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Terrific Titan

April 12, 2013



Titan, Saturn’s largest moon (and second largest in the solar system), is a really cool world.  Like Earth, it has a thick atmosphere, making it the only moon in our solar system to have one.  Also, like Earth, Titan’s atmosphere is mostly composed of nitrogen, and has a presence of organic molecules that contain carbon and hydrogen.  This has led many scientists to speculate that current conditions on Titan are like those during the early years of Earth.  One major difference, however, is that because Titan is so cold,-290 F or -179 C, water is frozen as solid as a rock, but methane and ethane can be found in liquid form.  In fact, similar to Earth’s water cycle, Titan has the phenomenon of a hydrocarbon cycle, in which liquid methane and ethane fall to the surface.  In 2005, the Huygens probe was released by the Cassini spacecraft down to Titan’s surface, and pictures taken during the descent show that Titan’s polar region even has lakes and rivers filled with liquid methane.

What’s great about Titan is that it’s still making headlines.  One new discovery has to do with the moon’s atmosphere.  Back in 2009, Cassini spotted a glow emanating from Titan’s atmosphere.  The emission comes from a mysterious gas and is strongest at an infrared wavelength of 3.28 micrometers, near one where emissions from methane are also very strong, one reason why these mystery emissions were previously obscured.  The glow only appears on the moon’s daytime side, at altitudes between 600 and 1250 km, with the largest intensity occurring around 950 km.  Normally, this light, known as airglow, is generated when atmospheric molecules are excited by sunlight or electrically charged particles.  Therefore, scientists expected to see a glow in the high atmosphere because there, charged particles from the Sun and Saturn’s magnetic field strip away electrons from molecules in Titan’s atmosphere.  The deeper glow (below 700 km), however, has puzzled researchers, because it originates too far down to be caused by the excitation of atmospheric molecules by charged particles.  Perhaps  the glow is produced by deep-penetrating cosmic rays or by light emitted by a chemical reaction deep in Titan’s atmosphere.  Unfortunately, we still don’t know the glow’s cause, nor the chemical composition of the gas, for sure.



The second bit of news regarding Titan concerns its methane lakes.  Apparently, we probably wouldn’t want to sail the Titanic through those waters either, because there may be chunks of hydrocarbon ice floating in them.  Scientists first believed that methane ice on these seas would not be possible, as solid methane is denser than the liquid form.  However, after a model investigating how Titan’s seas interact with its nitrogen-rich atmosphere (which creates pockets of varying composition and temperature) was created, scientists determined that hydrocarbon ice should indeed float in the moon’s seas, so long as the temperature is just below methane’s freezing point (-297 degrees F or -183 degrees C) and the ice is at least 5 percent “air”.  That ice may only last a short time, however, as even a small drop in temperature would cause the ice to sink.  The research team will be able to test out their model soon, as Titan’s northern spring is underway, warming up the lakes and seas there and allowing ice to rise to the surface.  This in turn will create a surface that appears “brighter”, or more reflective, to Cassini and as the temperature increases further, the ice will melt, leaving an entirely liquid surface that will appear “darker”, or less reflective.  As one researcher put it, the discovery that ice could form is important because “…the formation of floating hydrocarbon ice will provide an opportunity for interesting chemistry along the boundary between liquid and solid, a boundary that may have been important in the origin of terrestrial life.”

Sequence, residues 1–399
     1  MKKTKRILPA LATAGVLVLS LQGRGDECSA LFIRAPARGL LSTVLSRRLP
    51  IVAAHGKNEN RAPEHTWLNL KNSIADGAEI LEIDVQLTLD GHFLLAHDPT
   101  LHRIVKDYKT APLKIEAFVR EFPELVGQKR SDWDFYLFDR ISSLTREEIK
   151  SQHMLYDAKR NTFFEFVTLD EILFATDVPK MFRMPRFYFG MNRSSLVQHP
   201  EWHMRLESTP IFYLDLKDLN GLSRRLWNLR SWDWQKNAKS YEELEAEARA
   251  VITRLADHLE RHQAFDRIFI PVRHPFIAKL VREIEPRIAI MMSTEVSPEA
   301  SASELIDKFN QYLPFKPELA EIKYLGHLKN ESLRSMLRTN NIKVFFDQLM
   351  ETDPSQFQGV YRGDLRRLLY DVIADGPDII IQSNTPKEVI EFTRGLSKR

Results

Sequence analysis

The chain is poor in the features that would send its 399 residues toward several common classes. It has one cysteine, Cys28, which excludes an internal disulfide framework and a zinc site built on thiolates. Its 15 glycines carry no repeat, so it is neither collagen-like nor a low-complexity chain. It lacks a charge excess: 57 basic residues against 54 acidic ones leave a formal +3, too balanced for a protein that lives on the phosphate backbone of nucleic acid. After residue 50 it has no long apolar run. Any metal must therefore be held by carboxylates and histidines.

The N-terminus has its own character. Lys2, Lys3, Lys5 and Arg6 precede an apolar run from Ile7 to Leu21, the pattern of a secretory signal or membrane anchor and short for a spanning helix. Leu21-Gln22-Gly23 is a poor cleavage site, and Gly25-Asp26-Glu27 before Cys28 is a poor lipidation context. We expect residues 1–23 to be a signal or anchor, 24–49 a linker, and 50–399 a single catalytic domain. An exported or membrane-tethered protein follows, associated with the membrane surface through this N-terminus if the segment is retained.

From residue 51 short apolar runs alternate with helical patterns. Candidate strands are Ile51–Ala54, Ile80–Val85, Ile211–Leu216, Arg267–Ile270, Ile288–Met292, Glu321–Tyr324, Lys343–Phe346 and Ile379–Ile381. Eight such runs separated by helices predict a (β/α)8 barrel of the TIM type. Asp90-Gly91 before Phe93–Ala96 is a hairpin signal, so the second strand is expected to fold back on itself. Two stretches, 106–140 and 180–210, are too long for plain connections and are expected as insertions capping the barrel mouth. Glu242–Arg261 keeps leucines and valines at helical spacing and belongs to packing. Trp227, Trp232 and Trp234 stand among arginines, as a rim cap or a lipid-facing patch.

Hopefully, we’ll make even more discoveries about this fascinating world in the years to come, and hey, who knows, maybe one day we’ll even get to swim in those methane lakes ourselves.


From → Class

  1. ibrahim2016 permalink

    I really enjoyed this post. Saturn is my favourite planet and Titan is my favourite moon. I personally think that Titan could be used as a huge bio-sphere for experimentation with engineered life given its suitable conditions. Perhaps we could develop microbial life forms that could alter any world’s atmosphere to make it suitable for humans.

  2. I really liked the images you included in this post! I think Titan is one of the more beautiful worlds in the solar system. I’d never heard about Titan’s atmospheric glow before, but that was really interesting.

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